How to Draw the Golf Ball

With today’s launch monitor technology, understanding the mechanics of what creates a particular ball flight such as a high draw or low fade isn’t an art anymore – it’s a science. No longer should you be puzzled about how your favorite PGA Tour pro hits that high, subtle draw, you can learn exactly how it’s done and how to do it yourself.

how to draw golf ball
Learn how to hit a draw

Rory Mcilroy has made the high draw bombing 3 wood famous this year after hitting a tee shot over 370 yards with his three wood at Wachovia in 2012. That’s a LONG three wood! How did he do it?

More importantly, how can YOU learn to hit a huge drawing 3 wood?

The first thing you have to understand is that if you want to hit the big push draw that Mcilroy hits, you have to a particular swing path and plane. This particular swing plane allows you to approach the golf ball from the inside and with a shallower angle of attack.

The shallow angle of attack is critical to launch the golf ball higher and get it carry further. Once you put these two pieces into place, you’re ready to start bombing your 3 wood!

Now, learn how to hit the high 3 wood draw in golf like Rory Mcilroy!


Chuck Quinton Praises FlightScope Support Team

In addition to relying on his FlightScope Prime for club fittings and as an instruction tool, Chuck Quinton knows he can rely on the FlightScope support team as well.

In addition to relying on his FlightScope Prime for club fittings and as an instruction tool, Chuck Quinton knows he can rely on the FlightScope support team as well:

“The FlightScope team has been unbelievably supportive through bugs, upgrades and just in helping learn all the new features of the software. Anytime I’ve had a problem I’ve been able to contact (a FlightScope Support Technician) and he’d come out to the course or even to my house after business hours just to make sure I was taken care of and happy with the product. You won’t find a better support team out there.”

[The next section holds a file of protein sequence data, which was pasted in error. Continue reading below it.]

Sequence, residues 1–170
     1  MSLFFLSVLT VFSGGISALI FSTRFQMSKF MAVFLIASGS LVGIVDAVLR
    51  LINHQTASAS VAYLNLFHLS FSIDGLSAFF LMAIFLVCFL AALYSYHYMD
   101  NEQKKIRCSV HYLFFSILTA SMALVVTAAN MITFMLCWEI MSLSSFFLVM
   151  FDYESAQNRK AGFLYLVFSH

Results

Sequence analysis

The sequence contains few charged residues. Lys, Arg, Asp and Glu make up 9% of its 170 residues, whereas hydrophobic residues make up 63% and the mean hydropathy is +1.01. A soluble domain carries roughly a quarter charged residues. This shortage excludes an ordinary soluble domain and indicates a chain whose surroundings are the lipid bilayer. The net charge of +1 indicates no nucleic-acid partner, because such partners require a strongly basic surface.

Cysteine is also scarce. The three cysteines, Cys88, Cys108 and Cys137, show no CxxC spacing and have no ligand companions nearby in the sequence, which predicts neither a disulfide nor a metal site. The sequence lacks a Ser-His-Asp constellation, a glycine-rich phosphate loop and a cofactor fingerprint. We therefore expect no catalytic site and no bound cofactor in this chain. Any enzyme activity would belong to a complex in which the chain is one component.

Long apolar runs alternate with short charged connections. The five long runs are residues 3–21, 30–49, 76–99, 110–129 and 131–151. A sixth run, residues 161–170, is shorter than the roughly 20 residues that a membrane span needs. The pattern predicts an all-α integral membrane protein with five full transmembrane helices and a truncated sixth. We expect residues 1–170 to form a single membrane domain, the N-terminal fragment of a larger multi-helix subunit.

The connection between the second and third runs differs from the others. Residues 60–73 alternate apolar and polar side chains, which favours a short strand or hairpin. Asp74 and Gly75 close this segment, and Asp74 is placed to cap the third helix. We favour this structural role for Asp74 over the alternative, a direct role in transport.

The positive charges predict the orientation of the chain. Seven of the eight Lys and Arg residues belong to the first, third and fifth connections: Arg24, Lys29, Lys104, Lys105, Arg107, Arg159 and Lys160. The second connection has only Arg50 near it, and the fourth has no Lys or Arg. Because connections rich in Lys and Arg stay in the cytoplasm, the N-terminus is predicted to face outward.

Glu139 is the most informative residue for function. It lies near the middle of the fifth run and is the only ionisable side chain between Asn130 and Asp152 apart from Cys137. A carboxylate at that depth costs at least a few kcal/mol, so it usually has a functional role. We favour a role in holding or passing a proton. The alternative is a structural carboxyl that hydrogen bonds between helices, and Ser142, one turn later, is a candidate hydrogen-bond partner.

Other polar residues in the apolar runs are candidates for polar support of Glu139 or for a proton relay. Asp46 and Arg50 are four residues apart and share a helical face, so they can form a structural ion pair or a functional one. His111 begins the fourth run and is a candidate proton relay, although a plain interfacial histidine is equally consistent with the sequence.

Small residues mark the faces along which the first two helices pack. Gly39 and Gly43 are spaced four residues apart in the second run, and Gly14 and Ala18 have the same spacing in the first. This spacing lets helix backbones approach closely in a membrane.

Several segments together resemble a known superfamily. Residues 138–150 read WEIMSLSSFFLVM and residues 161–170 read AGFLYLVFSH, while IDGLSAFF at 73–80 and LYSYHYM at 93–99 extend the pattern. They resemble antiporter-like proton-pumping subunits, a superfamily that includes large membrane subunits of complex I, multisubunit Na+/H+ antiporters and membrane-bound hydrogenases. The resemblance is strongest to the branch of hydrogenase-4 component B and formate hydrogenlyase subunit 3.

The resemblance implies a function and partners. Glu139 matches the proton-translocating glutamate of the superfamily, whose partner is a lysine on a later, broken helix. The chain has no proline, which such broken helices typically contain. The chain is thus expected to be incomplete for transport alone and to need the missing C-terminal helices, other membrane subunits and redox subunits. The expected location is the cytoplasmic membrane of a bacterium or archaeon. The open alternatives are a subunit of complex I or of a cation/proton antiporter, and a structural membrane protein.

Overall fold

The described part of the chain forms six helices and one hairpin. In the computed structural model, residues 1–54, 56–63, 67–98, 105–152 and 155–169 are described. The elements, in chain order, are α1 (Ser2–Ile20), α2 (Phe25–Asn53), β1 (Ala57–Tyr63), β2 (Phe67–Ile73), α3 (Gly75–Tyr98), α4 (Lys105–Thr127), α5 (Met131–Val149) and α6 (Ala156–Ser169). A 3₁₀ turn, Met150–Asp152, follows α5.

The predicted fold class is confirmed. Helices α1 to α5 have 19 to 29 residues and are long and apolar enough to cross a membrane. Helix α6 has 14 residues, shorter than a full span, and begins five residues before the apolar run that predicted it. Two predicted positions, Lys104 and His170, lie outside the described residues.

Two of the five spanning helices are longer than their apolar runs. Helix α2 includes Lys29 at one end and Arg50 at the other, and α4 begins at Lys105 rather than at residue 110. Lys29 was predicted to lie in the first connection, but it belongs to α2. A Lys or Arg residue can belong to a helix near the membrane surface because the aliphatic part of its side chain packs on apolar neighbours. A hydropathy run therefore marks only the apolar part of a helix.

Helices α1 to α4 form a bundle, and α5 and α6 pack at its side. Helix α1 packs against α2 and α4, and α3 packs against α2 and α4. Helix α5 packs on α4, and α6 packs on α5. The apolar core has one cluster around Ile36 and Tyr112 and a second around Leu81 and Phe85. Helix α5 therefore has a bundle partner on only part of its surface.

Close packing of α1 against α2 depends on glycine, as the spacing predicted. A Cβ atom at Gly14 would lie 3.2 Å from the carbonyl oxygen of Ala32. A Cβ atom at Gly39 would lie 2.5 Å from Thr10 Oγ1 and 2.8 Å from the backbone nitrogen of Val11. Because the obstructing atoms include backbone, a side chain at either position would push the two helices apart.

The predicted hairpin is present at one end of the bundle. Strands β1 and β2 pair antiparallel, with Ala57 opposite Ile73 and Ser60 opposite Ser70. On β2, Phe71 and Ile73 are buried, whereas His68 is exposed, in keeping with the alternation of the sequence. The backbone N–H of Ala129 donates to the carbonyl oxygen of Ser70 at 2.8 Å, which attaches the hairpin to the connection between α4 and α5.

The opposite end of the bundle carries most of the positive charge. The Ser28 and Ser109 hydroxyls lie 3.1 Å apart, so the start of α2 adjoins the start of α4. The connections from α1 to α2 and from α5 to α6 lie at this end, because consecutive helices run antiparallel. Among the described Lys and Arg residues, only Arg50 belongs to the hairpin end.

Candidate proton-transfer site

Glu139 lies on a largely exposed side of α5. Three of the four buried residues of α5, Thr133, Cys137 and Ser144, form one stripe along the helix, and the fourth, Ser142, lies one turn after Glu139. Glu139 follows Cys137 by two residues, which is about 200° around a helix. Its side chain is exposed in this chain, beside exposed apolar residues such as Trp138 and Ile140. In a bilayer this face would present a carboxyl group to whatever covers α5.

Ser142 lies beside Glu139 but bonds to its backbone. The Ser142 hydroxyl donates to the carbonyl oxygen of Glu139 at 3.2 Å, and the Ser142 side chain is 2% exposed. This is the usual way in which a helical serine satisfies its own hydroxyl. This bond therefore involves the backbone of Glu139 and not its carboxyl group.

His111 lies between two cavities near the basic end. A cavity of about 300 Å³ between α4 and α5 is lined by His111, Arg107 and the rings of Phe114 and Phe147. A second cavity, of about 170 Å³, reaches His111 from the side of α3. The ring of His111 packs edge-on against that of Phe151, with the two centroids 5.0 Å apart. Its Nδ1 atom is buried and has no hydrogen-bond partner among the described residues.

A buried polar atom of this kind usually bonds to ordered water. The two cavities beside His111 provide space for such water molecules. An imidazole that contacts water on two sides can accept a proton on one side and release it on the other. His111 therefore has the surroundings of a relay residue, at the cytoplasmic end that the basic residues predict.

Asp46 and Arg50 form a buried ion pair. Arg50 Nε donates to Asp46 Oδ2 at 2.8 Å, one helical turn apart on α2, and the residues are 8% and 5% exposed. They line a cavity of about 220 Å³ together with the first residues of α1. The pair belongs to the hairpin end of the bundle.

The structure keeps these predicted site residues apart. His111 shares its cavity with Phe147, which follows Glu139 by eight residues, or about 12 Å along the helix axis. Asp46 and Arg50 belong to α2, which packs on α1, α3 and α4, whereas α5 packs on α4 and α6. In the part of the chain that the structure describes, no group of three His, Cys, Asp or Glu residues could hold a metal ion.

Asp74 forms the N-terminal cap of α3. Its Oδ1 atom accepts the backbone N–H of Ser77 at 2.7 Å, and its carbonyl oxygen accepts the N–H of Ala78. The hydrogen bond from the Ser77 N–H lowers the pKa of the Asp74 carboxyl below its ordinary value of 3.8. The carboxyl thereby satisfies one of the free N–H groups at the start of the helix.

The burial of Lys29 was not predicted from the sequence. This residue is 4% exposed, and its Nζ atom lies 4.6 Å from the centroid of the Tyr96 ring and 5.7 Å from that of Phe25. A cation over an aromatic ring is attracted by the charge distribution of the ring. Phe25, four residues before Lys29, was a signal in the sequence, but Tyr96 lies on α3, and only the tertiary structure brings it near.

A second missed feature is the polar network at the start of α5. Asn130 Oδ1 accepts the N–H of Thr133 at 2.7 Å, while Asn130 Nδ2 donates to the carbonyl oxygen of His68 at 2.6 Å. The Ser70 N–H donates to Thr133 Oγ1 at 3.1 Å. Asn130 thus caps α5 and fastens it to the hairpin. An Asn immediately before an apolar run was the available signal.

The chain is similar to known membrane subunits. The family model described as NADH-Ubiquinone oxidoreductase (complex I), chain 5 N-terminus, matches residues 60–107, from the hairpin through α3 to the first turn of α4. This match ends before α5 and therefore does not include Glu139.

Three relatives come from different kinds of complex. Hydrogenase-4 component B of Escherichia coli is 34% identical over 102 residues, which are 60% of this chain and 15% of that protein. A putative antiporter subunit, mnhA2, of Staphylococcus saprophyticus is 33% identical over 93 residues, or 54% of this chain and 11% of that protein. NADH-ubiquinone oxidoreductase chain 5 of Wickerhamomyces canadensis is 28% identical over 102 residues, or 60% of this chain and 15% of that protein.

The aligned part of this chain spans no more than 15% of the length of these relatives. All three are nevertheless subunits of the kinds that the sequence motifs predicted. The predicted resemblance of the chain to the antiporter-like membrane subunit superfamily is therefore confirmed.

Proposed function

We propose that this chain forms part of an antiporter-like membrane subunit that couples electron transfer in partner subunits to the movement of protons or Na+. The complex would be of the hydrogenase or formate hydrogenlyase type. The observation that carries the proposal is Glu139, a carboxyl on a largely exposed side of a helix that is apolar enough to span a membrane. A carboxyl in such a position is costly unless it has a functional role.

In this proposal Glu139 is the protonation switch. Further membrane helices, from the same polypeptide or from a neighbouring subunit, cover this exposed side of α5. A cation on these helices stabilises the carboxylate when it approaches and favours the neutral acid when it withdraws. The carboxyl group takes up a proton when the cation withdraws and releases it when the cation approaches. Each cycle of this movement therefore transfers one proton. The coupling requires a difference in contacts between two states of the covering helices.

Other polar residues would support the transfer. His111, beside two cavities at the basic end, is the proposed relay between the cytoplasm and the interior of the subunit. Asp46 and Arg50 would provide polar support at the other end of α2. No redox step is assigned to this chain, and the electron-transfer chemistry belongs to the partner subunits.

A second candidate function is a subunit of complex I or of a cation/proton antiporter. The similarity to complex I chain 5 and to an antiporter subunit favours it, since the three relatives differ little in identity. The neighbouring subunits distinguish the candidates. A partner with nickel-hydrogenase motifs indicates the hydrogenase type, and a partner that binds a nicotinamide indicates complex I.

This quote appeared in a press release that can be read in full here.

Learn more about FlightScope by visiting their website:

-Josh Eaton, Business Manager

FlightScope Prime – Not Just for Driver Fittings Anymore

FlightScope has come a long way in the development of their launch monitor that we use here for our fittings at the Rotary Swing Golf Academy. Now, it has become an invaluable instruction tool that I am currently using to optimize my swing for ideal launch conditions here in Colorado where I spend the summer. No longer are you guessing when your path or plane is optimal or worse yet, working on something that’s not broken in your swing. For instance, as you’ll see, with my driver my path tends to be too far in to out. My tendency is to hit a push draw and miss with a big block and the occasional shot that looks like a dead pull – which would indicate an out to in path with the naked eye. However, using the new wireless FlightScope Prime today at the range, never once was my path out to in, even though I hit a few shots that would easily fool you into thinking that I did. These shots started just left of my line and drew further to the left. The reality is that this was all due to clubface angle at impact.

Let’s take a closer look at this data and see just how incredibly efficient working on your swing can be using the FlightScope Prime.

Chuck Quinton Driver and Swing Parameters
Chuck Quinton Driver and Swing Parameters
Starting in the top left corner, we can see that my clubface angle was 4.4 closed in relation to my swing path which was 3.9* in to out at impact. However, you can see that this created a ball that started out at 0.0*, or dead on my intended target line. The next box over to the right shows the Horizontal swing plane at the bottom of my swing arc of 5.3* in to out. In other words, at the moment my club is traveling level to the ground, I’m swinging in to out 5.3*. This is something that I’m working hard to correct to get closer to 0 degrees, but right now I average 6.6*.

In the bottom left box, we can see Dynamic Loft – or the effective loft you had at impact due to clubface loft, shaft flexing and where you strike the ball on the face. The dynamic loft of 11.9* is due to my using an 8.5* Nakashima Htec 460 head with the Matrix TP6HD XX flex shaft. My path is slightly positive at 2.1* which is quite ideal for me, however my launch angle on this particular shot was 9.2*, or LESS  than the dynamic loft. This is due to the ball compressing on the face (these shots were with Callaway range balls) as well as a matter I’ll discuss in the next section. I have seen that premium balls tend to launch even lower than this in relation to the Dynamic Loft due to the fact that they tend to compress more.